• We need therapy groups/accountability groups/12-step groups for clergy in which we leave our shame and fear at the door.  (Note: there are untrustworthy clergy out there.  Sadly, we must be careful about what we share.)

Social capital saves lives.  This is true for loners with violence issues.  This is true for clergy with savior issues.  This is true for all of us.

Image is Social Networking by the gifted artist Shelby McQuilkin.  Please buy her art here.

Advertisements

3 responses to “Social Capital Saves Lives

  1. Yes. Relationships need to be at the core of all we do in the church. It’s not about programming or worship style or mission projects. It’s about relationships so that we can be effective at programming and worship and mission. That’s why to the core of my belief I believe churches need LOGOS–an approach to ministry that teaches leaders (church staff, parents, other adult volunteers of all ages) AND participants (children and youth) HOW to be in relationship with one another and with God through Jesus Christ. If I may…here’s a story I recently received from a 25 year old who grew up in our church:
    “As for a story about logos, maybe the best one was when I was about 13. My patents were getting divorced, I was a wreak my world was tilted in a way I’d never known. I was extremely distant and very short tempered and one logos Wednesday I was completely disengaged with everyone, when we were told to come in from rec I refused and stayed on the basketball court. After multiple parents trying to get me to come inside, Mr Ridgeway came outside. It was the first time some asked me how I was doing and didn’t tell me everything would be ok. He just kept passing me the basketball.He listened to me talk which for me wasn’t my forte especially coming from my family which didn’t do alot of it. He allowed me to express everything I felt then said we all must have rainy days in order to savor the sunny ones. He told me I was a good kid and for once I believed it about my self. Chuck really helped me through hard times even if he never knew it. those times sitting with him a dinner or out at rec helped me.that’s why logos is an amazing program, adults have a chance to really make an impact on great kids . Yeah they mess around alot and don’t always answer you, but they will be amazing people if you allow them to be themselves and just support them and try to be a friend not just an adult. They will thank you for it when they are older, trust me…i know”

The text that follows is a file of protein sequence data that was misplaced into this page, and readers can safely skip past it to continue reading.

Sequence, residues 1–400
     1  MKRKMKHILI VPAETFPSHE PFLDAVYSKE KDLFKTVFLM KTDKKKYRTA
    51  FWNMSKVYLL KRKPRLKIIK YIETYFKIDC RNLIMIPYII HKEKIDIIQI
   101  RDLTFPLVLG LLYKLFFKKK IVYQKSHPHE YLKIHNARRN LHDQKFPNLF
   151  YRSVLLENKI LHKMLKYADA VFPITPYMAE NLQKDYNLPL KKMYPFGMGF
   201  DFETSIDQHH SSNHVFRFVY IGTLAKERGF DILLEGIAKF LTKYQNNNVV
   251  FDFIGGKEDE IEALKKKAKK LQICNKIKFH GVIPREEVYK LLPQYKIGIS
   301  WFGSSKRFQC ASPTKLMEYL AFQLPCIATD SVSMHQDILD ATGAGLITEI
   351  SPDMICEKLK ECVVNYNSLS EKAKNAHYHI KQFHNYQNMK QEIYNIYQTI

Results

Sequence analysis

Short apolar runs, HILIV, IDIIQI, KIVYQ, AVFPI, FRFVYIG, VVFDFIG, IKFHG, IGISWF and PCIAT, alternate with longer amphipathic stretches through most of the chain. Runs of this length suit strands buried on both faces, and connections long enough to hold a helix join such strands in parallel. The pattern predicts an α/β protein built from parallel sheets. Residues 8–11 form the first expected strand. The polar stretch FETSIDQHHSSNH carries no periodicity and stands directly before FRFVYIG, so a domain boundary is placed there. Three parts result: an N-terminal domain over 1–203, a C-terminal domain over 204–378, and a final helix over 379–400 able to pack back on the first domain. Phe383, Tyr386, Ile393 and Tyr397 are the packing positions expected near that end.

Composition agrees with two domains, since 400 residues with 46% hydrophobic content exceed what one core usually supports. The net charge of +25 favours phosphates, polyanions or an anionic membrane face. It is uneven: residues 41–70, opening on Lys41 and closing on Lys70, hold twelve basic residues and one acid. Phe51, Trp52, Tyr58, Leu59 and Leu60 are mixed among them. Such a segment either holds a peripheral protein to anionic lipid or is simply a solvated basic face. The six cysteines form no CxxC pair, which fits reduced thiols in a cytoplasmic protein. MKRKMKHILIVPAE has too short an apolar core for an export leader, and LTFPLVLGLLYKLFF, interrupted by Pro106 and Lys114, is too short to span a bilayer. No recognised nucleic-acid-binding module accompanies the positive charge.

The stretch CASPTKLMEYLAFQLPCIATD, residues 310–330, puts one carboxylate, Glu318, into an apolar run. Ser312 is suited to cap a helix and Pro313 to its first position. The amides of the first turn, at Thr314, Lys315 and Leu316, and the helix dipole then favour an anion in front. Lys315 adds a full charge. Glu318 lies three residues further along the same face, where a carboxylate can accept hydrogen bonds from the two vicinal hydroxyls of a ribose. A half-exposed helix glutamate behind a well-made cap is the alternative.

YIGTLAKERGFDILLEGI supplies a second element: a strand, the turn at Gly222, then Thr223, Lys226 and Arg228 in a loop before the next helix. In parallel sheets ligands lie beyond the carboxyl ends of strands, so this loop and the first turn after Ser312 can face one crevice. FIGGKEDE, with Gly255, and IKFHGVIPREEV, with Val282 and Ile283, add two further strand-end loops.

2. Pingback: This Week’s Links « Timothy Siburg

  3. Pingback: Wednesday Festival – a Pumpkin-free Zone | RevGalBlogPals

Leave a Reply

Fill in your details below or click an icon to log in:

WordPress.com Logo

You are commenting using your WordPress.com account. Log Out / Change )

Twitter picture

You are commenting using your Twitter account. Log Out / Change )

Facebook photo

You are commenting using your Facebook account. Log Out / Change )

Google+ photo

You are commenting using your Google+ account. Log Out / Change )

Connecting to %s